Does Addiction Run In Families? What Statistics Reveal

 

Why do some people become addicted to drugs and alcohol while others don’t? Is it all due to our environment, or do genetics play a role in addiction?

Whether a person decides to use alcohol or drugs for the first time is a personal choice, often influenced by sociocultural, psychological or biological factors. But whether a person is at risk for developing an addiction is greatly influenced by genetics.

Research shows that genetics are responsible for half of the risk for alcoholism and drug addiction. And while genes are not the sole determinant, their presence may increase the likelihood that a person will become addicted to drugs or alcohol.

Understanding Addiction In Families

According to the National Council On Alcoholism And Drug Dependence (NCADD), the single most reliable indicator of drug or alcohol dependence is family history.

In an article written for NCADD, Robert Morse, MD, says, “Research has shown conclusively that family history of alcoholism or drug addiction is in part genetic and not just the result of the family environment…millions of Americans are living proof. Plain and simple, alcoholism and drug dependence run in families.”

Recent research has identified numerous genes that are associated with addiction. One way genes affect your risk for addiction involves how your genes metabolize alcohol. Another is how your nerve cells signal one another and regulate their activity. Such changes in genes can be passed down from one generation to the next.

Family history affects your chances of addiction in many ways. While genes are a large factor, it’s important to remember that alcoholism and drug addiction are “genetically complex.”

Family-Related Risk Factors

Researchers have identified several family-related risk factors that increase the likelihood of addiction:

  • Family dysfunction, such as conflicts or aggression
  • A parent who is depressed or suffers from other mental illnesses
  • One or more parent who abuses or is addicted to drugs or alcohol

Addiction In Families Statistics

Alcoholism and drug addiction have both genetic and environmental causes. More than 28 million Americans are children of alcoholics, and nearly 11 million of those are under the age of 18.

Here are some statistics regarding addiction in families:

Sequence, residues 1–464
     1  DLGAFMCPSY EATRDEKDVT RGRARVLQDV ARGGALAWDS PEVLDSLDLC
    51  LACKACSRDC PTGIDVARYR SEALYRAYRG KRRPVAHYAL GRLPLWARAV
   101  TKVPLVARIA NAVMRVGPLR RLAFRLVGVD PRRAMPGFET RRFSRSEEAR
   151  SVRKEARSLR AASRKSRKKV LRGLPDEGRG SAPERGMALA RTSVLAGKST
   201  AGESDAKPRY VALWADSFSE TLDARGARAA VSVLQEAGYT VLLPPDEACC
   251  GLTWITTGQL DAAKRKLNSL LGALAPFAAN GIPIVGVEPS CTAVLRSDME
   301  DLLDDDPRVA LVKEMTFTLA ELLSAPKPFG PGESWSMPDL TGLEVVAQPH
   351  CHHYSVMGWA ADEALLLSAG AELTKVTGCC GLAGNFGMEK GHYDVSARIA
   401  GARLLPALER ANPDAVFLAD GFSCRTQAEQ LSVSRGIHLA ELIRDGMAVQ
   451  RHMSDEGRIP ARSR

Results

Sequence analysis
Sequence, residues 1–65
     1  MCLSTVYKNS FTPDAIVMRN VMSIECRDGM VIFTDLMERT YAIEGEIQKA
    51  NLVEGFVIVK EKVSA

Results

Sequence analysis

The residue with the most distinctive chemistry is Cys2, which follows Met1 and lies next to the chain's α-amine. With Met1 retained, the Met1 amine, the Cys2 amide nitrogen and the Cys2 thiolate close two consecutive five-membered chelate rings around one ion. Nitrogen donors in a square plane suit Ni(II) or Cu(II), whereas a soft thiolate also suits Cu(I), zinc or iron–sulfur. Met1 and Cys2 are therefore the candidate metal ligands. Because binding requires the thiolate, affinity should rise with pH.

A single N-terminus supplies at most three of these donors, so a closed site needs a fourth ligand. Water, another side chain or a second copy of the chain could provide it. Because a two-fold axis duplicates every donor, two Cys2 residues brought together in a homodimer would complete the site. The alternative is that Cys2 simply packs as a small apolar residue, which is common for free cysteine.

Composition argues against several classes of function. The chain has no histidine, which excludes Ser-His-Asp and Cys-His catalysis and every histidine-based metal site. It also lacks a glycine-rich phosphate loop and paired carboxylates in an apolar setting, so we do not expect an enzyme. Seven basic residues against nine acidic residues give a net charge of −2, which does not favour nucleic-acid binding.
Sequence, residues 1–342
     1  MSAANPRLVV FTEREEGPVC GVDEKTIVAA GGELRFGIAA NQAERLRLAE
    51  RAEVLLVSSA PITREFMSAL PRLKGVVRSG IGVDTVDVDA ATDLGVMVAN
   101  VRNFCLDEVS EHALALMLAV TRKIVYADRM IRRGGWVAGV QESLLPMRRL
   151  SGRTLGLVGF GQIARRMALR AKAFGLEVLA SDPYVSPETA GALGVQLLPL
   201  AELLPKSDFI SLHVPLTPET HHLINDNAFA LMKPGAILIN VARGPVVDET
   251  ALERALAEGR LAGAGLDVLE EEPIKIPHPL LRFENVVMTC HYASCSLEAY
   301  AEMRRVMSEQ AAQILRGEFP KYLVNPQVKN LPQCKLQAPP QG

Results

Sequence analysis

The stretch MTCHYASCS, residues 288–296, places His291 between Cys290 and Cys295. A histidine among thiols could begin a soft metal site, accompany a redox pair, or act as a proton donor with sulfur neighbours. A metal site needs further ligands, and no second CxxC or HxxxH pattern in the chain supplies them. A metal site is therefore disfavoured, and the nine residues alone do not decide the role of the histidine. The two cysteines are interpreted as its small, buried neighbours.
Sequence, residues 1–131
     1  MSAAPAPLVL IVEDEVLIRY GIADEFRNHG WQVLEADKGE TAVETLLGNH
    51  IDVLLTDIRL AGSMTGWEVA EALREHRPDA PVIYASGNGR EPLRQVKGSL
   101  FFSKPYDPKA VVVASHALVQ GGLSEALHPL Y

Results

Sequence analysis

• Children of addicts are eight times more likely to develop an addiction.
  • A 1985 study suggests a strong genetic component, particularly for the onset of alcoholism in males. Sons of alcoholic fathers are four times more likely to become alcoholics.
  • The use of substances by parents and their adolescent children is strongly correlated. Generally, if parents use drugs, sooner or later their children will as well.
  • Children who use drugs are more likely to have one or more parents who also use drugs.
  • Children of addicted parents experience greater physical and mental health problems and higher health and welfare costs than do children from non-addicted families.
  • A child who perceives that a parent is more permissive about the use of drugs is more likely to use drugs themselves.
  • A relationship between parental addiction and child abuse has been documented in a large proportion of child abuse and neglect cases.

Ways To Reduce Your Addiction Risk

If you know that you have a family history of addiction, here are some ways to reduce your addiction risk:

  • Avoid underage drinking or substance abuse, as the early onset of substance use increases your risk of addiction
  • Choose abstinence from drugs and alcohol or carefully monitor your consumption
  • Avoid associating with heavy drinkers or substance users
  • Manage your psychological health and address issues early on
  • Participate in school or workplace prevention programs

Addiction is influenced by many different factors, including a person’s environment, parents, family attitudes toward drinking or drugs and one’s individual response to drugs and alcohol.

Although genetics make up 50 percent of the risk for alcohol or drug dependence, not all people who use alcohol or drugs will become addicted, dependent or even use them on a regular basis. Many people who have come from addicted families have managed to overcome their own addictions, and many of them never become addicted to drugs or alcohol at all.

If you or someone you know is addicted to alcohol or drugs, contact the Orlando Recovery Center today.

Written by: Christina Bockisch

Christina is a blogger based in Fort Myers, Florida. She writes about mental health, fitness, and life as a whole on her blog, My Life in Wonderland. Follow her on Twitter.